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             NOT much is known of Pard’s pedigree except the fact that his mother was a bull-bitch and that he was brought as a puppy to Avalon and believed to be a clean bred bull-pup. But when his owner saw him grow up a nondescript he abandoned him and the dog became “Shorty’s” Pard.

If I can trust my eyes his father was a foxhound and a good one, for few dogs have a better nose than Pard. “Shorty’s” little nephew says: “Uncle ‘Shorty’s’ feet must smell strong and pleasant-like for Pard can find him anywhere.”

The dog must have a Teutonic ancestor somewhere for his favorite food is Bologna sausage. If you give him a nickel he will trot off with it to the butcher’s and return with a paper parcel for you to open containing five cents’ worth of Bologna.

In the summertime Avalon is crowded and everyone knows Pard and the butcher does a thriving trade in Bologna, yet he tells me Pard is his only customer as the island is strongly pro-Ally. When Pard is not hungry he collects nickels all the same and deposits them in “Shorty’s” locker on the wharf.

I never saw him refuse money on shore but nothing can persuade him to look at a coin when on board the launch.

One morning as I was going to breakfast at Joe’s Restaurant I met the dog and gave him his usual nickel and was surprised to see him follow me into the restaurant and slip into the kitchen with the first waiter who passed through the swinging doors. In a few moments he reappeared with a mutton bone which he had purchased from the cook. It was Sunday morning and, without going to look, Pard knew the butcher’s shop was closed!

“Shorty” is a public fisherman. In summer he takes sportsmen fishing and in winter he fishes for the market. On all these trips Pard acts as first mate, and there is little that he does not know about fish and fishing.

“Shorty” tells me that in the winter he has an alarm-clock to call him at four o’clock in the morning but that Pard seldom fails to paw his arm a few moments before the alarm sounds.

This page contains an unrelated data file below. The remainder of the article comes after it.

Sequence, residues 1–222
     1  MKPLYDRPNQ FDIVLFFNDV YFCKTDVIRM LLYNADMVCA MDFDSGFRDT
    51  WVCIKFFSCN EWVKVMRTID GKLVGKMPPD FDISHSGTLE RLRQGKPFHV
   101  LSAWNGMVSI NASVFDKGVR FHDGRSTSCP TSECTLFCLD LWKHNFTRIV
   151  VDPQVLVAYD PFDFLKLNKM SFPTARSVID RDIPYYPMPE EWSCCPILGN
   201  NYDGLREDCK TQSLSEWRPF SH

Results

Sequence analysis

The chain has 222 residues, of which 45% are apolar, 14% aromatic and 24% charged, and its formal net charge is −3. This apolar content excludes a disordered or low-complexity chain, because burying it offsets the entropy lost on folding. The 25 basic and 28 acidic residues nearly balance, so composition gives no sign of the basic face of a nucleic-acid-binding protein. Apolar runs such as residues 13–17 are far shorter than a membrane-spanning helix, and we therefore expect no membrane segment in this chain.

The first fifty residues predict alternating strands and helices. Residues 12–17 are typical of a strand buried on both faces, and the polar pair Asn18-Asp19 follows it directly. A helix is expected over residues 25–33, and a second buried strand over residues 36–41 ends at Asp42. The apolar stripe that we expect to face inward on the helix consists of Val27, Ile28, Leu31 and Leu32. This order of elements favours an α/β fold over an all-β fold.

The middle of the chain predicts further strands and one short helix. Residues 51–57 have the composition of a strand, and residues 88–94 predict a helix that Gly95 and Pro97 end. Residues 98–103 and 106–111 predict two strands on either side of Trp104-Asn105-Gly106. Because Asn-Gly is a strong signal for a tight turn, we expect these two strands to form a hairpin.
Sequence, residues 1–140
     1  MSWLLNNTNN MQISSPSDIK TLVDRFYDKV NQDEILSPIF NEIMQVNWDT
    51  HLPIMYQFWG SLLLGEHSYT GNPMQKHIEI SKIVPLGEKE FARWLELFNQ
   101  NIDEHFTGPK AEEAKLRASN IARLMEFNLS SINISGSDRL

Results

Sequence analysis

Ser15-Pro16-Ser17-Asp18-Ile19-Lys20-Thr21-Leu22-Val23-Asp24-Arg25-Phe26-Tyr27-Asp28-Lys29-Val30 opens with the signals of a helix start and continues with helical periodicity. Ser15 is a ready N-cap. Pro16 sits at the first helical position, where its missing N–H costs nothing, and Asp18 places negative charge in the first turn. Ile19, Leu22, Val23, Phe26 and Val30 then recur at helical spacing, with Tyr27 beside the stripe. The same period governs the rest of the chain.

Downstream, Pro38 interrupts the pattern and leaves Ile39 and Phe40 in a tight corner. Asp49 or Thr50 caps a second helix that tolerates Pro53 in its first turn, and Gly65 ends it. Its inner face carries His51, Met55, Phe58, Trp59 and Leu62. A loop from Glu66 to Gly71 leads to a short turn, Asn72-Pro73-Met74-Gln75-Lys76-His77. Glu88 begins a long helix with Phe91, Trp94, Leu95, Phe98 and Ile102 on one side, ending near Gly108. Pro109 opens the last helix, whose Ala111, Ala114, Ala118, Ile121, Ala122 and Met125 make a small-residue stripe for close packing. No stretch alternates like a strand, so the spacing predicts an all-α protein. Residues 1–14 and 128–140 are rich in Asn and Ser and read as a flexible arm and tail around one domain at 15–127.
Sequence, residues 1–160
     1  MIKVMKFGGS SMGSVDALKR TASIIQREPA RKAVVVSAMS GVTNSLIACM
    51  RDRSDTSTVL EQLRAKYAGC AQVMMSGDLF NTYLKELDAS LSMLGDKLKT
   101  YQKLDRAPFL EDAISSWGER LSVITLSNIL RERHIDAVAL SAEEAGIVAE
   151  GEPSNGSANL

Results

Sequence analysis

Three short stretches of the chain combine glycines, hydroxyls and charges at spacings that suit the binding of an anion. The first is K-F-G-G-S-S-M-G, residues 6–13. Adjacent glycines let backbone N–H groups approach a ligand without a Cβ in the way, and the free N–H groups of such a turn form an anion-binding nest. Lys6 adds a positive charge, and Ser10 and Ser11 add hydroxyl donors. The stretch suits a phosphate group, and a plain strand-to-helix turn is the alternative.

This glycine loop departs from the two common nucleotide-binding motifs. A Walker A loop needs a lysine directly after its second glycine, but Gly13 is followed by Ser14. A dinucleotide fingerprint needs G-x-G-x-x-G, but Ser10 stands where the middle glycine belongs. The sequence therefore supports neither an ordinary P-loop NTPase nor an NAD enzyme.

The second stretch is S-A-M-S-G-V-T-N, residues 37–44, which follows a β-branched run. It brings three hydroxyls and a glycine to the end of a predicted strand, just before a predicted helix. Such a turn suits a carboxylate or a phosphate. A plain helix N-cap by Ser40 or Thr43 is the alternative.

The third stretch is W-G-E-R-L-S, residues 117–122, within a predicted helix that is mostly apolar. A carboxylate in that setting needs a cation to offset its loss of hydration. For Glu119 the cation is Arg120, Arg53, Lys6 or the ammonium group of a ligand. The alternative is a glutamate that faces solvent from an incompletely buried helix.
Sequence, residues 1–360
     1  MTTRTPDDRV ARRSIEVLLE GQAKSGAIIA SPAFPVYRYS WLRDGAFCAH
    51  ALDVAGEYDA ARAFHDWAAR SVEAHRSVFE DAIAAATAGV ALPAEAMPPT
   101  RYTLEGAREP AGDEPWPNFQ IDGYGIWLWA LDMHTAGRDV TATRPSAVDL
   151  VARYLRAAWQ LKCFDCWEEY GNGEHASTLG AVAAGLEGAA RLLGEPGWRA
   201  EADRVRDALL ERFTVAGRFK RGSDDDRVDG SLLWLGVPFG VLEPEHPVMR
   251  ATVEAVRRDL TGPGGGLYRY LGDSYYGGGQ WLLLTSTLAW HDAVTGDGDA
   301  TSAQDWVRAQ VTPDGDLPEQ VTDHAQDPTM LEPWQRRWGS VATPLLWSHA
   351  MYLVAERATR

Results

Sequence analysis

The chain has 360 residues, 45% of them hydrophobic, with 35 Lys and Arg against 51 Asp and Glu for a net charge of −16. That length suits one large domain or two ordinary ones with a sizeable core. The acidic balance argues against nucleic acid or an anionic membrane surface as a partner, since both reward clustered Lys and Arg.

He has never been known to forget his good manners on board the boat though stormbound for forty-eight hours, and he will not drink a drop of water even in the warmest weather until he reaches land. Pard reasons as well as thinks.

Pard has but two dislikes; one is wasps, the other bull-dogs. He snarls and snaps at the former and pounces upon the latter. He knows he is the son of a bull-bitch but evidently does not like to be reminded of the fact.

Last winter Avalon was partly destroyed by fire, and the moving picture people in Los Angeles saw a great opportunity to stage a scene for “Civilization” called “After the Battle.” “Shorty” represented a dead French soldier being watched over by his faithful dog. The widow appears searching for her dead husband. She sees their dog and falls fainting upon her dead spouse. Pard objected to this and the battle began again. The dead French soldier was obliged to sit up and stop the fight. The film was a failure.

Pard can see a swordfish at a great distance, and whenever I was hooked to one would sit up beside me and attempt to tell me how to fight the fish and became greatly excited when the fish jumped. When a fish was gaffed he played the “Chocolat act” by rushing about all over the boat attempting to do nothing.

For intelligence and common sense Pard has few equals among canines. He is almost human.

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